Silent but violent: The history of suppressors

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This article by Matt Fratus was originally published by Coffee or Die.

In the early 1900s, Hiram Percy Maxim was a New York-born inventor with a passion for pioneering automobiles. He patented a gas-powered bicycle and helped design an early automobile, built in Hartford, Connecticut. But he heard his real calling in making cars harder to hear, developing silencing devices for motor vehicle exhaust systems. 

Maxim had family ties in the firearms industry; his father, Sir Hiram Stevens Maxim, invented a portable, fully automatic machine gun, called the Maxim Gun. And his uncle, Hudson Maxim, invented the first smokeless gunpowder. In 1902, Maxim took similar technology he once used in car mufflers and produced the first commercially available firearms suppressor. He founded Maxim Silencer and patented the proprietary tubular device in 1909. The Maxim Silencer attached to a barrel of a firearm to reduce noise and muzzle flash.

Hiram Percy Maxim (Wikimedia Commons)

The term “silencer” was never accurate; Maxim’s device didn’t eliminate sound. But it was a clever marketing device. The Maxim Silencer was advertised first in sporting goods catalogs for sportsmen. It was made for automatic rifles, single-shot rifles, carbines, single-shot target pistols, and even large-caliber Winchester and Remington rifles.

A prominent supporter of the Maxim Silencer was Theodore Roosevelt, who had one attached to his Winchester 1894 carbine. “Father favored the silencer for early morning hunting expeditions to eliminate varmints around Sagamore Hill,” his son Archie said. “He felt it best not to wake the neighbors.”

The National Firearms Act of 1934 restricted and regulated suppressors on firearms and halted their development for the next 40 years, a move that bit into organized crime violence. But the US military and other countries began experimenting with suppressors of their own.

The Welrod MKII suppressed pistol in .32 ACP. The magazine acted as the Welrod’s pistol grip. When separated from its magazine, the Welrod could be carried covertly, easily confused for a bicycle pump. The Welrod was a favorite of the British SAS. Photo courtesy of Flickr.

William De Lisle, an English engineer who worked for the Ministry of Aircraft Production, grabbed the attention of the British Special Operations Executive (SOE) for his De Lisle Commando Carbine. The shoulder-fired rifle was modified to chamber .45 cartridges from a Colt 1911A1 pistol magazine. Its effective range was around 200 meters (219 yards), and the bullets were subsonic, which effectively erased the sonic “crack” of higher-velocity bullets. Although the SOE sporadically employed the De Lisle Commando Carbine during World War II, it only became prominent during the Malayan Emergency. Another suppressed weapon of the war was the Welrod, a bolt-action single-shot pistol designed for covert work.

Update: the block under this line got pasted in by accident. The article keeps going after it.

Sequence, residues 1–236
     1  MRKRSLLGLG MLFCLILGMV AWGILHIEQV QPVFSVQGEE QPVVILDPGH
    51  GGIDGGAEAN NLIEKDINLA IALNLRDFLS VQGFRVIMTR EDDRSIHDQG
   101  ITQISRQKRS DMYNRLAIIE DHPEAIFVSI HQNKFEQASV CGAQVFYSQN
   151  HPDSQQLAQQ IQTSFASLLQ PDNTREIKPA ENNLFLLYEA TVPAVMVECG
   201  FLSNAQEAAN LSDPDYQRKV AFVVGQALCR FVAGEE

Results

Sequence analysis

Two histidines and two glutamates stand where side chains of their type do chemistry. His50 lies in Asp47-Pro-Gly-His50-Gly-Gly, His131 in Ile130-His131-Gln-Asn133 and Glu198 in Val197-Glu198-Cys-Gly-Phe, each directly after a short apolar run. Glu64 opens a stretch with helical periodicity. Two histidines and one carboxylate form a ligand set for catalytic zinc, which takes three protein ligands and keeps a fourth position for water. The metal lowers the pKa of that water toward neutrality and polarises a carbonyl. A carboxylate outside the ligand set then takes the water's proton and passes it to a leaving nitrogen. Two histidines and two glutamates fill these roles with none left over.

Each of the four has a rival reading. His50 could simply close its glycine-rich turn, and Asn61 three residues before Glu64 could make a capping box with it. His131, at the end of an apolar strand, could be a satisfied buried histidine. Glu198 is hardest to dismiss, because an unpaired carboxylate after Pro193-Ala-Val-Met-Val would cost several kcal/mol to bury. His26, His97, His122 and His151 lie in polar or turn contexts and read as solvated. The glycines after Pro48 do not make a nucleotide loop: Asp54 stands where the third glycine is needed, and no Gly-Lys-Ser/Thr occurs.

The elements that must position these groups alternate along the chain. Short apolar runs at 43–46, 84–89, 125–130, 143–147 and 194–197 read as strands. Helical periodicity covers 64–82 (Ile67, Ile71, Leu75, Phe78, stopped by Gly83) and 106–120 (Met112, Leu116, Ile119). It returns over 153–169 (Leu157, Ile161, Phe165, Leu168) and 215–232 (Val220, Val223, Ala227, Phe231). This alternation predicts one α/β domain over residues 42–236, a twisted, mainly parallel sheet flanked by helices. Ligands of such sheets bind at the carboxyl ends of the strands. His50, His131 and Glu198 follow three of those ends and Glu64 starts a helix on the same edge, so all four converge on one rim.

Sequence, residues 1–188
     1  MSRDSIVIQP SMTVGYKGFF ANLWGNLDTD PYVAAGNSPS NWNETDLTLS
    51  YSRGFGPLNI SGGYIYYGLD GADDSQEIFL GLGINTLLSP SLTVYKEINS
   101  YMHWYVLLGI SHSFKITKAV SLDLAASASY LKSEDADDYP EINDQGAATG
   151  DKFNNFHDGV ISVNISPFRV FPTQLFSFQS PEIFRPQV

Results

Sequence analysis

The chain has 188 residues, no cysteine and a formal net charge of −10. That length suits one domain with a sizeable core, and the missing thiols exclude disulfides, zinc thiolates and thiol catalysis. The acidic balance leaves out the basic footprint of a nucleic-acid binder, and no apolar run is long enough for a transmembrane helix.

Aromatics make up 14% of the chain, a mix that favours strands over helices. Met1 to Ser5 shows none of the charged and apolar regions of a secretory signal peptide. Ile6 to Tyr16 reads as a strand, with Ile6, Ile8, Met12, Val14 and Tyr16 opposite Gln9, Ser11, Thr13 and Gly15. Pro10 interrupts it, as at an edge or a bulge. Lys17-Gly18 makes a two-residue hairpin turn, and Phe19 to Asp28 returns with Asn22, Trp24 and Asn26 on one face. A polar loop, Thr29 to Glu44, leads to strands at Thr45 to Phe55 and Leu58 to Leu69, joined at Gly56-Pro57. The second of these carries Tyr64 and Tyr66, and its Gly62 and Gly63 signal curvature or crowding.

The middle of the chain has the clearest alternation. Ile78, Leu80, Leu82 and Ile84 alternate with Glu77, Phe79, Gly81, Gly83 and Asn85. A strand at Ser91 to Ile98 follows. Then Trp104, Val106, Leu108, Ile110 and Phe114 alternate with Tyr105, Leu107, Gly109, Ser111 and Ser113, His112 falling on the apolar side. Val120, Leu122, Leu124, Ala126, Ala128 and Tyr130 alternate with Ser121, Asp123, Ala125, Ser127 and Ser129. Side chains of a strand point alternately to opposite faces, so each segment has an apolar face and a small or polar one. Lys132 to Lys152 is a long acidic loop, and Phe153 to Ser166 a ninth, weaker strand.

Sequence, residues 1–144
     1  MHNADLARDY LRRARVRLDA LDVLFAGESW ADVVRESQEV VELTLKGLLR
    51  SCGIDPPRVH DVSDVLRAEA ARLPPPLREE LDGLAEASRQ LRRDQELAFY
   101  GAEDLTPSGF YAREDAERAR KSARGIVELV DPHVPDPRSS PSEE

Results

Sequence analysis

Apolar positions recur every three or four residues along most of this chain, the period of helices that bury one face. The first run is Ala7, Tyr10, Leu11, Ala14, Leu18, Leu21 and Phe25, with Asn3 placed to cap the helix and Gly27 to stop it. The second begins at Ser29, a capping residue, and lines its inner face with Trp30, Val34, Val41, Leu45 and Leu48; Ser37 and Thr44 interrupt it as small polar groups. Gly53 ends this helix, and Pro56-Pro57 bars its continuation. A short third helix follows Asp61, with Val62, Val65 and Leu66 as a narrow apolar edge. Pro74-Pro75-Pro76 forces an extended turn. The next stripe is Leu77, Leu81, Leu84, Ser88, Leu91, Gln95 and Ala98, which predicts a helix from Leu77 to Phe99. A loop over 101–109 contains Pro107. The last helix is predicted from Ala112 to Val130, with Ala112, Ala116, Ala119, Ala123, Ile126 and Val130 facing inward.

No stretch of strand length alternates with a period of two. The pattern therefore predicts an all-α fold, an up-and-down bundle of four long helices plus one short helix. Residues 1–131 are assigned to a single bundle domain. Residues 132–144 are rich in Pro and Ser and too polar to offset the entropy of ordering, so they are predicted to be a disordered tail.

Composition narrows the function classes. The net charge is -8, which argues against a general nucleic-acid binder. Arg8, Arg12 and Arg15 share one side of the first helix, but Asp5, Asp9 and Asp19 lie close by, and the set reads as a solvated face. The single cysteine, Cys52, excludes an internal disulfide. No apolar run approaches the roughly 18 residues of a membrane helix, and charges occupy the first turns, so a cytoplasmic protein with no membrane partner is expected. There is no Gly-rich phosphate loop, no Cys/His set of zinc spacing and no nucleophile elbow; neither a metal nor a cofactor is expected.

One of the wildest moment in the history of suppressors occurred in 1944 when William J. “Wild Bill” Donovan, a World War I Medal of Honor recipient and the director of the Office of Strategic Services (OSS), visited the White House to brief President Franklin Delano Roosevelt on a new innovation. Donovan was excited to show off a new .22-caliber High Standard suppressed pistol the OSS Research & Development branch had developed. But a meeting ran long, leaving Donovan waiting in the Oval Office. With time on his hands, Donovan found a sandbag, fired 10 rounds from his suppressed pistol into it, then presented the bullet-ridden sandbag to the president when he emerged from his meeting. No one had heard the shots. Roosevelt kept the weapon as a souvenir, which is on display at the Franklin D. Roosevelt Presidential Library and Museum in Hyde Park, New York. The weapon saw real action during the Cold War, carried by Francis Gary Powers, the U-2 pilot shot down over Russia.

During the Vietnam War, the Swimmer Weapons System program developed a suppressed pistol for the Underwater Demolition Teams and Navy SEALs. They used a modified 9 mm Smith & Wesson M39 pistol with a detachable suppressor called the Mk 22, but it became famous among frogmen as the “Hush Puppy.” The name says it all: It was used against sentry dogs and other animals to avoid detection. The Military Assistance Command Vietnam — Studies and Observations Group, commonly known as MACV-SOG, packed Uzis with detachable suppressors in kits for nighttime parachute infiltrations.

A favorite among MACV-SOG commandos was the .45 suppressed M3A1 “Grease Gun.” Several members, veterans of elite Ranger, OSS, and 1st Special Service Force units in World War II, preferred to carry weapons they were familiar with. Others who worked with long-range rifles used the Sionics Silent Sniper, an M1 carbine converted to 9 mm. 

Coffee or Die

Coffee or Die Magazine is Black Rifle Coffee Company’s online news and lifestyle magazine. Launched in June 2018, the magazine covers stories both about and for the military, first responder, veteran, and coffee enthusiast communities.